Victory North has been forced by the pandemic to switch gears.
The music and event venue recently announced a new series, "Nights at Victory North," that will launch early next month.
The large, airy space will be transformed into a lounge where patrons can listen to a variety of playlists, albums and genres. Some nights might also offer videos, movie clips or guest commentators.
The series debut will feature music selected by owner Mohamed Eldibany, including songs by Sade, Barry White, Marvin Gaye, Leonard Cohen, Elton John, Sting, Adele, Elton John, John Lennon, Whitney Houston and Lady Gaga.
The cover will be $8, with doors opening at 7 p.m. on Aug 6.
Victory North will be following best practices to keep guests safe, including a mask requirement when folks are not in their seats or are interacting with anyone outside their party.
As I write this column, the awesome Charleston-based band Susto is scheduled to perform in September at Victory North, and the venue has bookings for later in the year, like Dark Star Orchestra in December.
But we need to do a better job of stemming infections before we can feel confident about upcoming tour schedules.
With its innovative new lounge series, Victory North can continue to bring people together for great music while we work our way through the daunting challenges.
Victory North may have been operating for less than a year before the pandemic hit, but the early successes proved that Savannahians would support a big venue with the right programming.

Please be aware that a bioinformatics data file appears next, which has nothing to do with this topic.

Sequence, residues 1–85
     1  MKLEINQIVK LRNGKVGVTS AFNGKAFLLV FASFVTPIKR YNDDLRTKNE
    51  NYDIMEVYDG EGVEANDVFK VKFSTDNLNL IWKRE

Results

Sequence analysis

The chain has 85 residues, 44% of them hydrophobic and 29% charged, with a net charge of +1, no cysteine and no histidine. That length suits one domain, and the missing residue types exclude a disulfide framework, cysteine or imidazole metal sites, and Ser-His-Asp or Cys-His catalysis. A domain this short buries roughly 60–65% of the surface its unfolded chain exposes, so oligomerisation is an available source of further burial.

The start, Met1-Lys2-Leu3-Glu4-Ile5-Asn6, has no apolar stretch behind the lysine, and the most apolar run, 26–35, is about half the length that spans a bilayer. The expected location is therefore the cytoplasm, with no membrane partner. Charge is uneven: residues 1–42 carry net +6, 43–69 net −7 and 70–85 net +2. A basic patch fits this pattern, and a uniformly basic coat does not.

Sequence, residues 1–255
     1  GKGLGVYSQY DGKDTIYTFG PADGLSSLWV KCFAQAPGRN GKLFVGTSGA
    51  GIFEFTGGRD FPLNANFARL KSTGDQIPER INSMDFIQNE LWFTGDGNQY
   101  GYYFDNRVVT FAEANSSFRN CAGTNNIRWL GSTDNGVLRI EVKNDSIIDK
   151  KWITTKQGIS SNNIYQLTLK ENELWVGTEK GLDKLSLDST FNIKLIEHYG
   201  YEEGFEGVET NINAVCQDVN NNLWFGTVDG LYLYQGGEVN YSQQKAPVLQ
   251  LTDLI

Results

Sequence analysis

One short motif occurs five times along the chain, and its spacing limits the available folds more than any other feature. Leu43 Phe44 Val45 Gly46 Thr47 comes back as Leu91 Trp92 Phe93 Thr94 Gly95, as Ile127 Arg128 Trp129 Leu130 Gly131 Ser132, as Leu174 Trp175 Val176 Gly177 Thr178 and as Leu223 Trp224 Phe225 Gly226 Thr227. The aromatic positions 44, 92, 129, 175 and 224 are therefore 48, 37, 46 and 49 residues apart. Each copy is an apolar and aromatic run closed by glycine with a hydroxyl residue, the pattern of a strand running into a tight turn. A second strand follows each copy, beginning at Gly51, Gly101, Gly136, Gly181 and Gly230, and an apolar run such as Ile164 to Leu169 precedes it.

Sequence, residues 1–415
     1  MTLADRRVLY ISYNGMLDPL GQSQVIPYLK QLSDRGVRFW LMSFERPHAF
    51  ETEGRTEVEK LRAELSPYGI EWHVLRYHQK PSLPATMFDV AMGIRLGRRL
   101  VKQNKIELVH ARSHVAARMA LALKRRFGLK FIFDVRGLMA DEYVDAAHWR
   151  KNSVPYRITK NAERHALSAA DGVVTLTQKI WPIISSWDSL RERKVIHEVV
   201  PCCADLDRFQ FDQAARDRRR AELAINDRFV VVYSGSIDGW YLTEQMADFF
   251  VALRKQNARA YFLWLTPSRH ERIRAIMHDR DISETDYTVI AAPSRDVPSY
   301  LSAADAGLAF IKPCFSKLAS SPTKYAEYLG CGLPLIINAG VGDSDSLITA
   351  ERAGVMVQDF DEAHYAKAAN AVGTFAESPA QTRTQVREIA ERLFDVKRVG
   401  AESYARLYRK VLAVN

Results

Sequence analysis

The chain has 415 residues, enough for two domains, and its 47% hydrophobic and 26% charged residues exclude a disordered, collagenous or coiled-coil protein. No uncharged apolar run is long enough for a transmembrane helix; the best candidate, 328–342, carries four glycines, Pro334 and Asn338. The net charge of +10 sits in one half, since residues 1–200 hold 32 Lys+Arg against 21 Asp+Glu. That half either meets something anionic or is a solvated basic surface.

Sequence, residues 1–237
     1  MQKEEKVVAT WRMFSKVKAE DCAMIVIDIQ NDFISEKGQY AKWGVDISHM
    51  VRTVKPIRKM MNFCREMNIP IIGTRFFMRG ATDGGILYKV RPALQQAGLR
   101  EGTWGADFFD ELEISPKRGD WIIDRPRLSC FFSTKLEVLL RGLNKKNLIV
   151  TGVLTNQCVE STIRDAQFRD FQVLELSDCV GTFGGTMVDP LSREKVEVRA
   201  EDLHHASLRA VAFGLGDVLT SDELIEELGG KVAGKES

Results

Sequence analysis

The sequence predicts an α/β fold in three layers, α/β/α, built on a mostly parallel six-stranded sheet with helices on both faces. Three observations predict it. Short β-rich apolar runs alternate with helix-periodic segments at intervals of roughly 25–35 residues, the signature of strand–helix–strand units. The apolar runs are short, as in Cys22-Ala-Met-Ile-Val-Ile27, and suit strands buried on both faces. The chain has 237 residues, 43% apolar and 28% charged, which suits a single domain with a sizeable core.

Savannah didn’t have anything quite like it. Great sound and lighting, plenty of standing room, a capacity that could attract touring acts that routinely skipped Savannah.
My last trip to Victory North was for a February show headlined by Reel Big Fish, a ska band founded more than 30 years ago. That show wouldn’t have worked well in the city’s larger venues with fixed seats, and the money wouldn’t have worked out in smaller venues.
Victory North hosted other stellar performances, such as Big Freedia, Citizen Cope and Drive-By Truckers.
Chairs and tables were occasionally added for more intimate performances like the one by Savannah Music Festival alum Parker Millsap.
We will eventually get back to those days, but for now we need to support businesses that find innovative ways to get through the next few months.
Bill Dawers writes the City Talk column for the Savannah Morning News.